In most medical circles, "MCL" is short for medial collateral ligament, that powerful band of human connective tissue that links the upper and lower leg and helps stabilize the knee. But for a group of 23 not-for-profit hospitals in the Midwest and East, MCL stands for something different—the Michigan Co-Tenancy Laboratory.
As a uniquely structured esoteric reference laboratory, the MCL is far from a band of human connective tissue, but it serves a purpose similar to that of the ligament. It provides a beneficial connection, but in this case it’s a bridge between the hospitals that belong to the MCL and the opportunity to reduce the cost of offering esoteric lab tests. And by making that connection, the MCL helps these hospitals stabilize—in fact reduce—laboratory costs.
The concept behind the MCL is this: Economically unrelated not-for-profit hospitals jointly own and use the assets of an Ann Arbor, Mich.-based regional esoteric reference laboratory—Warde Medical Laboratory—through an arrangement known as "co-tenancy." They do so to reduce the cost of testing services through economies of scale created by pooling their testing volumes.
As a co-tenancy, the MCL provides each owner with an equal and undivided interest in the MCL’s assets. An owner makes a modest capital contribution to secure an ownership position, and the testing that is done for each owner is performed on that owner’s share of the equipment, with that owner’s share of the reagents and by that owner’s share of the staff. Each owner bills for the testing under its own name. And all owners have representation on a governing body, with voting power determined by the same method used to allocate testing costs: A co-tenant that incurs a certain percentage of testing costs will have that same percentage of votes at the governing board level. In other words, voting authority is directly proportional to usage.
Cost allocations are determined by assigning a relative value unit, or RVU, to each test performed in the MCL, and each owner is charged an interim fee for each test and billed monthly. The fees are deliberately set above what the actual costs of the tests are expected to be to provide operating cash for the MCL. At the end of each quarter, the total number of RVUs performed in the laboratory is divided by the same period’s total costs to arrive at a cost per RVU. Each owner’s total RVUs for the quarter are calculated and multiplied by the cost per RVU. The result is that owner’s allocated cost of testing. A reconciliation is then done for each owner, which receives a rebate or refund for the difference between what it paid in interim fees and what its allocated costs were for the quarter.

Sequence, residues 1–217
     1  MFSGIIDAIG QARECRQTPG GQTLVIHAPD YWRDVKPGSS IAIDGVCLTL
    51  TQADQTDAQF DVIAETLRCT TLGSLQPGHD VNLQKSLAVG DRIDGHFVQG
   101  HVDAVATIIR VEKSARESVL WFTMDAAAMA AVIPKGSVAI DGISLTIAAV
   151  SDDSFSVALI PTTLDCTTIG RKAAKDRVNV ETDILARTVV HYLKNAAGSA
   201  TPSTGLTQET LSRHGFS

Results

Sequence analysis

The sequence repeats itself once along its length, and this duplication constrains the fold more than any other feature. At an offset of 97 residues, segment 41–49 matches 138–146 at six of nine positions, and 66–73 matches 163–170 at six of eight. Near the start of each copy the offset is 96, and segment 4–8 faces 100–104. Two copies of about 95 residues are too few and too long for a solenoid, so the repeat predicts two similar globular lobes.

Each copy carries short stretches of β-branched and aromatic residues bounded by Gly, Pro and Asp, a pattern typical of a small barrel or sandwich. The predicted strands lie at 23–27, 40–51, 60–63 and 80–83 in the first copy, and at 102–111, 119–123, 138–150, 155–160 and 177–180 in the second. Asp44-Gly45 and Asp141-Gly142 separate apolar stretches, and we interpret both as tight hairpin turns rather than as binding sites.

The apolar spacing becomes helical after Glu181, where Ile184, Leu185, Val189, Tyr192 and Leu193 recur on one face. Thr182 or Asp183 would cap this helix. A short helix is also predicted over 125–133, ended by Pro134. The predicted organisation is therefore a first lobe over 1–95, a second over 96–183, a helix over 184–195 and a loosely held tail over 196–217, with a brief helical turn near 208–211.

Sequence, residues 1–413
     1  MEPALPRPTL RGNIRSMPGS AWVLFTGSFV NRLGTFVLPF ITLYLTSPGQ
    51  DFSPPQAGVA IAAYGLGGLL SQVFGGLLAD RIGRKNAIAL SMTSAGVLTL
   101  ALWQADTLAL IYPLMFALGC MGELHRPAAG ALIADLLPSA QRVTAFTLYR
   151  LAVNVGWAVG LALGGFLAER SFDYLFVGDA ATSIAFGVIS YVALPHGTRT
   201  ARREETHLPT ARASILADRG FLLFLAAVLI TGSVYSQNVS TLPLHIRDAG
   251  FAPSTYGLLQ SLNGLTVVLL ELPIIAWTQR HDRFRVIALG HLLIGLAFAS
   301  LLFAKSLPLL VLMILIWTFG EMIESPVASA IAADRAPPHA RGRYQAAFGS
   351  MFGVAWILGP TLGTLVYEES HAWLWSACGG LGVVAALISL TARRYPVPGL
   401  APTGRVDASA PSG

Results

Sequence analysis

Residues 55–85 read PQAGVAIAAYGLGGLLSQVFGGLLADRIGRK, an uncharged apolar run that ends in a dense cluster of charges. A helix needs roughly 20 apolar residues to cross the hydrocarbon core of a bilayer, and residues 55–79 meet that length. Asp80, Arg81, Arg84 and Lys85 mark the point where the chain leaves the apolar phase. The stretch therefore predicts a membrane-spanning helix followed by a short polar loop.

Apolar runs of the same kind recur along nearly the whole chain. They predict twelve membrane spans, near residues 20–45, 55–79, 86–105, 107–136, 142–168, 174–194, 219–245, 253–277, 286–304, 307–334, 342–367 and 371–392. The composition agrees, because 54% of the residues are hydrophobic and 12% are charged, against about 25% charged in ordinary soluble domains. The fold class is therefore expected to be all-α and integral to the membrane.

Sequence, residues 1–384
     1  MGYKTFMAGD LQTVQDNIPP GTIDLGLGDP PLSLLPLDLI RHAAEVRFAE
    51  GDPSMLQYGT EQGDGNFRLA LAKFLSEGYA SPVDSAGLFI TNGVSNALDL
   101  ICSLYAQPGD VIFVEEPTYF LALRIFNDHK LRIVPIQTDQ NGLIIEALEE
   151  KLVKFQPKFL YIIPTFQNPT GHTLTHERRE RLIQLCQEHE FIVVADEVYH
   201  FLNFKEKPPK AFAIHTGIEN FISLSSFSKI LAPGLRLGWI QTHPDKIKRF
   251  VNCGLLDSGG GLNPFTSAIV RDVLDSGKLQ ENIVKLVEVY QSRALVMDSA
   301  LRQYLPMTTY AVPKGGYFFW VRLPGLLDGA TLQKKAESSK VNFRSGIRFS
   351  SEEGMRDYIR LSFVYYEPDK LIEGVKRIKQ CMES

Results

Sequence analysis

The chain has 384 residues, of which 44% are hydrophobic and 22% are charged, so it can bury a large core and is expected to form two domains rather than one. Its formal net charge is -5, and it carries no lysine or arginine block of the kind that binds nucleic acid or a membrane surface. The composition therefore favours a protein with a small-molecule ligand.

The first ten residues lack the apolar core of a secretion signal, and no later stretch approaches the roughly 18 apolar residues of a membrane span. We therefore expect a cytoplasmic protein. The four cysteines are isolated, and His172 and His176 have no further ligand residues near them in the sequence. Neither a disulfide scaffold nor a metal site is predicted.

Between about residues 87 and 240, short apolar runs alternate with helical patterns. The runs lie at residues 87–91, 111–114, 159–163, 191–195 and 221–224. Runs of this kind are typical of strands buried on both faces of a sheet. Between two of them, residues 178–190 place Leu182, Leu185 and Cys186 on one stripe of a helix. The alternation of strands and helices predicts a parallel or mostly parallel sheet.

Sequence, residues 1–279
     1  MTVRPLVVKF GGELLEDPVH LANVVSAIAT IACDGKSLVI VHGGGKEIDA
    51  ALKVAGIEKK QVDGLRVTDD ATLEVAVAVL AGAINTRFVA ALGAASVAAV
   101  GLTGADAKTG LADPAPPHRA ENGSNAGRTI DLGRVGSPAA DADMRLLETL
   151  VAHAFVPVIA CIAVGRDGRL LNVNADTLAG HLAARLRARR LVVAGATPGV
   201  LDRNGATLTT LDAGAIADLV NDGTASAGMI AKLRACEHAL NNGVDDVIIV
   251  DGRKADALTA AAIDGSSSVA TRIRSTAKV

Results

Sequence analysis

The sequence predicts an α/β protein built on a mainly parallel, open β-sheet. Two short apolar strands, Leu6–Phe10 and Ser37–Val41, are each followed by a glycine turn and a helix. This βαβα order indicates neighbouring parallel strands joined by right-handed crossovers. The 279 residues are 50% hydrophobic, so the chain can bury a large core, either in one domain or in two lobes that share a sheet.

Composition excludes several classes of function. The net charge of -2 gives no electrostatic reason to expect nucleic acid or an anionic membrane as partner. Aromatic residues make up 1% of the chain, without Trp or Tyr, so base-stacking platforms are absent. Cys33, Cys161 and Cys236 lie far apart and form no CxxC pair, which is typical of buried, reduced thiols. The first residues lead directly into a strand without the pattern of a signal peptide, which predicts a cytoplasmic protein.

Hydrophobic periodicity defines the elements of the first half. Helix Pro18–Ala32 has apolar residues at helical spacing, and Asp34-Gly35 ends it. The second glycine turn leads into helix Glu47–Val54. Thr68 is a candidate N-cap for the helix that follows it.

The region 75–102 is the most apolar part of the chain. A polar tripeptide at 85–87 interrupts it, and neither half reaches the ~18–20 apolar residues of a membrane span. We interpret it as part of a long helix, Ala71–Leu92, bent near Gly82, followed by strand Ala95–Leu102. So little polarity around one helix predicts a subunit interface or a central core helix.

This volume-based operating concept has proved to be a financial winner for
the 23 not-for-profit hospitals—located as far west as Des Moines,
Iowa, and as far east as Silver Spring, Md.—that have combined their
purchasing power in the MCL. They have saved from five percent to 20 percent
on a cost-per-test basis when compared with the cost of having the same
tests performed at commercial, for-profit reference laboratories.
By charter, the MCL includes only not-for-profit hospitals, a decision made not because of the legalities associated with the co-tenancy operating structure but because of practicality, says Dennis Hodges, manager of business development for the MCL. "If for-profit hospitals were involved it would have different and greater tax implications," he explains. "By restricting it to not-for-profits, we avoid that. But there is nothing illegal about for-profit entities forming a co-tenancy."